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New Facebook version receives negative attention

October 2, 2008

Unless you have been hibernating under a big rock in the Pacific Ocean or have recently deleted your Facebook profile due to the of the lack of homework getting accomplished, you are already well aware of the recent disapproving attention the new facelift Facebook has received.

As of Sept. 10, the new version of Facebook became the one and only option for users, sparking negative Facebook groups, online petitions and media attention.

According to Mark Zuckerberg, founder of Facebook, the new change was needed to accommodate the growing and evolving site.

“In the last four years, we’ve built new products that help people share more, such as photos, videos, groups, events, wall posts, status updates and so on. As people share more, sometimes we need to change the site to accommodate how much information people are posting,” Zuckerberg said in his Facebook blog. Zuckerberg expresses to Facebook users that adapting to change takes time and it is difficult, but the new version was created to simplify all the applications and features on the site.

On July 21, the Facebook Profiles Preview site announced the launch of the new version of Facebook.  Users were given the option of changing to the new version and were encouraged to “get accustomed to it” and to express their overall reaction.

According to Zuckerberg, more than 40 million people tried the new version of Facebook and 30 million continued using it. This gave creators of Facebook more than enough proof to make the new version the only version. 

“I personally saw the option to change to the new style of Facebook, but I felt there was really not a need to switch. A drastic change for millions of users is a risk that just screams drama,” Kristi Kelly, a UW-River Falls senior, said.

On Sept. 10 when the new version became permanent, it left 60 percent of users still unfamiliar with the new Facebook, lighting a negative attention in news media, blog sites and Facebook groups, all fighting for the return of the old version.

“When I first saw the previews for the new layout, I knew I didn’t like it right away.  Even after I played around with it for a while I still didn’t like it,” Scott Sanders, sophomore of Austin Peay University located in Clarksville, Tenn., said via e-mail.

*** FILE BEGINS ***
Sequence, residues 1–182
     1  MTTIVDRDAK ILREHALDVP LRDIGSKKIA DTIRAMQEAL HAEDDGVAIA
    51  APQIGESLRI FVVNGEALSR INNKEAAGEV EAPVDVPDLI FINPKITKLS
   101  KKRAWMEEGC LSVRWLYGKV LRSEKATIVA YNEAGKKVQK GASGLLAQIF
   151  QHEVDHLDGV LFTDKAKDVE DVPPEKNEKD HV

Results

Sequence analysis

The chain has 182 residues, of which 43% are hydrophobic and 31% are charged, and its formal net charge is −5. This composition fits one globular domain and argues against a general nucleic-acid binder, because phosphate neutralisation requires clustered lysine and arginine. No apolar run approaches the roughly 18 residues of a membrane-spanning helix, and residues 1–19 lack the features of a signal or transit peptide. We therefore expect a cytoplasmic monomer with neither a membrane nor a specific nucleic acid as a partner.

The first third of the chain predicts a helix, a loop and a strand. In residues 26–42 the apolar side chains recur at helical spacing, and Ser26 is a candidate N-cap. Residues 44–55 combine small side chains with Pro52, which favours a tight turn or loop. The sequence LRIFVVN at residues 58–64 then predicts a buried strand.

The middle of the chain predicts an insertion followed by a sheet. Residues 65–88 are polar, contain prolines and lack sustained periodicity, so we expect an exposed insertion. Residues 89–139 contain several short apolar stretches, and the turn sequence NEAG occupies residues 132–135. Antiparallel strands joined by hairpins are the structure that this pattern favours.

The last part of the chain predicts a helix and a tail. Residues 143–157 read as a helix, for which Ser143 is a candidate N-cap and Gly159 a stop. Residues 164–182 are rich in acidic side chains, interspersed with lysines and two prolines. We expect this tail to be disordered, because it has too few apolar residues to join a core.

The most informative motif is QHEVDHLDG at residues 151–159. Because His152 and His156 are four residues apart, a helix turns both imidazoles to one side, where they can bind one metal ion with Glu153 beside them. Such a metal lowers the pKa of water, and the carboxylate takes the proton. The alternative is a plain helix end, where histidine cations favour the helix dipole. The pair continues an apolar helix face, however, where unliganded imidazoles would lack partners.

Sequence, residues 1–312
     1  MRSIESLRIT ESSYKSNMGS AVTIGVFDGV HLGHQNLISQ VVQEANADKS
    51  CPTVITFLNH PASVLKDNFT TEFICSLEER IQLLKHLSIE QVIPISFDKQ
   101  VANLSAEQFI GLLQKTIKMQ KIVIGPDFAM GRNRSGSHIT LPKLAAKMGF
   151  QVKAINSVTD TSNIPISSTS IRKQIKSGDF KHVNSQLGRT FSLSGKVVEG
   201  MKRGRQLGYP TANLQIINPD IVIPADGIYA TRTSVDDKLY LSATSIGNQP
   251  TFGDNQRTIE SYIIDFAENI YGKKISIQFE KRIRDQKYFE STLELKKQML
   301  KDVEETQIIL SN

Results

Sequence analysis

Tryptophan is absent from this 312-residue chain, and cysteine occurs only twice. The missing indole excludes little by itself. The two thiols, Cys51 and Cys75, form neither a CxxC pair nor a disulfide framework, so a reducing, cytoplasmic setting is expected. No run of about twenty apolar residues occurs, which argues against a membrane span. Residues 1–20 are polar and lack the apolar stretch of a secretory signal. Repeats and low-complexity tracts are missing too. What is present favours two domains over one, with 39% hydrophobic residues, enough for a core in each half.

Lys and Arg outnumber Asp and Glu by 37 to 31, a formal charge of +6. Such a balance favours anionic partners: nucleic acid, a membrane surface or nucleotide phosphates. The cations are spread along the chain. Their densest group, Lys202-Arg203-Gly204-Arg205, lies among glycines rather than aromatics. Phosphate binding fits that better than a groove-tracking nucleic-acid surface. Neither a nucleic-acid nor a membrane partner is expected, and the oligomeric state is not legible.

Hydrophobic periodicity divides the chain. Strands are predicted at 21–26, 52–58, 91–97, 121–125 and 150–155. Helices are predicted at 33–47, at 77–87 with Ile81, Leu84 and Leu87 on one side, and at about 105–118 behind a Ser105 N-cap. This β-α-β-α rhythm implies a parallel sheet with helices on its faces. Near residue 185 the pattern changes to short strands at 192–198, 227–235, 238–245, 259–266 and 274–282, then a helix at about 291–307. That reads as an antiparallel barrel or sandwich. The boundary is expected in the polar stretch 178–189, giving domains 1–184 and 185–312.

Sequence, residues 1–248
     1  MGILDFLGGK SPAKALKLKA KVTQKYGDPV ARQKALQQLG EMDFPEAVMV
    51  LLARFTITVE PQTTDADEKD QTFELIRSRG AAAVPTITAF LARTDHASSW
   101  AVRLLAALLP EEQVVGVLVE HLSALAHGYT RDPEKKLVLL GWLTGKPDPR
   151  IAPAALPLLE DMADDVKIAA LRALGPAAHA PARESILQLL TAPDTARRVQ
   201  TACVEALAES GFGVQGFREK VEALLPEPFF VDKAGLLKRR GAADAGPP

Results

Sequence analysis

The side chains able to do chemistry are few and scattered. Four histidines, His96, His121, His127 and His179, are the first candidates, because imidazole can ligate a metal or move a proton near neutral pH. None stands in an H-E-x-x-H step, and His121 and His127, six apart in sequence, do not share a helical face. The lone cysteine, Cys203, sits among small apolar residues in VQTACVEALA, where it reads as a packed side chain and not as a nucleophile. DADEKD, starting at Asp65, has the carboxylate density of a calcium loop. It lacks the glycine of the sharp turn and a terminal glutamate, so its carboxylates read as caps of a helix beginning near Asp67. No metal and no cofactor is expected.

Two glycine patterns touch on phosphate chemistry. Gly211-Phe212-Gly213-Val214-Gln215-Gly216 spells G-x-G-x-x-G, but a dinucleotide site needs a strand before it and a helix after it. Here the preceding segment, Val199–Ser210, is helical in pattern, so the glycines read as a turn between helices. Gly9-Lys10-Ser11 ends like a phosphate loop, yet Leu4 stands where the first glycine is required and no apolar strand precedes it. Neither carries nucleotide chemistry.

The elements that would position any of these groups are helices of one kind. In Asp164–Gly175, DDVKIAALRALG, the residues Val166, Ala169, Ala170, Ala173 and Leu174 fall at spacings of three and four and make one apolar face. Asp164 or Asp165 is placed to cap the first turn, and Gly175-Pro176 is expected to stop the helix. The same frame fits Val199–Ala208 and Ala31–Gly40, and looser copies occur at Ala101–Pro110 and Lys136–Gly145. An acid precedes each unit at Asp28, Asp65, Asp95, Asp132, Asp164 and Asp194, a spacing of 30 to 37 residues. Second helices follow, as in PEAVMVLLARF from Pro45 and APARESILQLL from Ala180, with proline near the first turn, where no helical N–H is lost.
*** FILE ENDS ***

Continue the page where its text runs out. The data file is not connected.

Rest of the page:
After the new version was introduced, Sanders created the Facebook group “Petition Against the ‘New Facebook.’” The group reached over a one million members in five days and currently sits at 1,648,474 members.

Sanders’ group, in particular, has received media attention from at least three national news sites about his rapidly increasing group.

“I have received much more attention than I had expected. It started out as dozens of messages and friend requests every day. Soon after, it moved on to small blog sites and then radio stations. Once the group reached the near million mark, I had spoken to Associated Press and BBC. At 1.5 million members, I spoke to someone doing a bit for iReport on CNN,” Sanders said.

According to BBC, more than 1 million Facebook users have joined an anti-new version group, promoting their disapproving feelings towards the recent change. 

Jaxon Gruber, a student from Newark Academy in Livingston, N.J., is the creator of, yet another Facebook group against the change. “The new Facebook is shit. 500,000 against the new Facebook!” currently has 5,902 members and is growing every day.

“I created the anti-new version Facebook group because I felt it might’ve had a fighting chance against the permanent publication and I wanted to make sure that I wasn’t alone in my beliefs. I just felt like the users of Facebook were already content with the old version,” Gruber said.

Along with Facebook users across the country expressing their pessimistic emotions by joining Facebook groups, UWRF senior Betsy Straub said she shares the same reaction.

“I just don’t get why the change was necessary. Facebook is popular because of the users, and if the users are not happy with something, that should be respected. I just feel like I am left with no options and that angers me,” Straub said.

As growing anger and dissatisfaction continues to be expressed and the goal to change is alarming, the overall progress to change is unknown.

“At most, I’d like to accomplish with this group is to convince Facebook to leave the option to revert back to the old layout,” Sanders said. “If that does not happen there are still some changes they could make to the new layout to make it a bit more appealing to more users.”

Zuckerberg responded to the reaction of the new version and assures users that their opinions are being heard and are respected.

“Facebook is a work in progress. We constantly try to improve things and we understand that our work isn’t perfect. We appreciate the thousands of you who have written in to give us feedback,” Zuckerberg said on the Facebook blog. “Even if you’re joining a group to express things you don’t like about the new design, you’re giving us important feedback and you’re sharing your voice, which is what Facebook is all about.”

The next step, if there is to be one, is indefinite. Zuckerberg has not made any recent comments about altering the new version and the angry Facebook users have not stepped down from their pedestal.

“I know that Facebook users like me are angry, but I truly do not see users getting rid of their profile because of the change,” Straub said. “It looks like we just might have lost this battle.”